by Lorne Holden
A few years ago, I saw a man named John Perkins interviewed on TV. Perkins is the author of “Confessions of an Economic Hit Man” which describes his life as exactly that – an economic hit man. His job was to to convince countries that are strategically important to the U.S. to accept enormous loans for infrastructure development, and to make sure that the lucrative projects were contracted to U. S. corporations. Then, saddled with gigantic debts, the countries became beholden to the U.S. government.
Ultimately, he had an awakening which prompted a re-evaluation of his life. He re-dedicated himself to a life with real values. He wrote his book and told his story after 9/11, when he felt that world events compelled him to do so.
The TV interview was interesting because he talked about many simple ways that people can live a more thoughtful life – a life that is less hurtful to others and to the planet. And the thing that I remember most was that he spoke about the simple importance of buying clothing at Thrift shops. He pointed out that re-cycled clothing not only creates less waste but helps stem the tide of oppressive circumstances for the many people working in terrible conditions in sweatshops around the world.
I've been a Thrift Shop fan my whole life but until that moment, I had never made this bigger, more important connection. I hadn't put together that purchasing re-cycled clothing could actually he considered a political/philosophical act, and that I could see that act as an extension of the ideals with which I live my life as a whole. But the experience isn't even just about me, and about how I want to live my life. Many Thrift Shops are run by organizations that assist society on a larger level, providing training, jobs and sustenance to people who are disabled or disadvantaged. Here's an example of what a few major thrift stores support:
- Goodwill Industries: Provides vocational rehabilitation and support for the disabled.
- Salvation Army: Provides shelter, food, job training and spiritual guidance to the poor.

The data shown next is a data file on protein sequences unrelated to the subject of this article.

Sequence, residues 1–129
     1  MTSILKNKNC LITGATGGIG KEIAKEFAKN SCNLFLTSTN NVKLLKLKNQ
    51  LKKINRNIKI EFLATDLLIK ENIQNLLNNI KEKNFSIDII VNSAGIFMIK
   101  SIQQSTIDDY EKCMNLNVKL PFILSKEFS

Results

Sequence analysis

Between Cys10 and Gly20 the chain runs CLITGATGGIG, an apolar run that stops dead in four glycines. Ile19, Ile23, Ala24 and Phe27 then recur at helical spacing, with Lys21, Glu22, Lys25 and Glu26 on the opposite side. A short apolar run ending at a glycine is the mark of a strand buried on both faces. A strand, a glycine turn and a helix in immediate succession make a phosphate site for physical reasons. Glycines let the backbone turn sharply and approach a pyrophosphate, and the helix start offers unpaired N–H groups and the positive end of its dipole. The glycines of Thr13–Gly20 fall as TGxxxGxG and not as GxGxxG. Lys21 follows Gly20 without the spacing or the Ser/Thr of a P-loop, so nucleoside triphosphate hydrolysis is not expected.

- Oxfam: Runs development efforts in Third World nations.
Taking the re-cycled clothing idea even further are the many ingenious creators who make new clothing out of old clothing, making unique one of a kind creations. And of course, this site celebrates the work and imagination of one of the greats, Crispina herself.
Take a moment to think about the clothes you wear and where they come from. Would a swing by a Thrift Shop work for you, instead of heading to a mall? Could you arrange a clothing swap with friends so that your clothes get a second chance to delight someone else? Or might you want to dive into the adventure that is making something new out of something old? Have a look at the list on the right – Crispina has some workshops coming up and one might be just right for you. You would spend a great day with great people and come home with a piece of clothing that is also a work of art.
Remember that all of our daily experiences add up. Where you purchase your clothing can have a beneficial or detrimental effect on the lives of others and the planet as a whole. Be a clothing adventurer and look for your next treasure at at Thrift Shop or better yet - make it yourself!
Lorne Holden is an artist and author of the Bestselling book "MAKE IT HAPPEN in Ten Minutes a Day/The Simple, Lifesaving Method for Getting Things Done." Pictured at left if a great thrift shop Lorne discovered on a recent trip to Budapest, Hungary. Learn more about her at: www.makeithappenintenminutesaday.com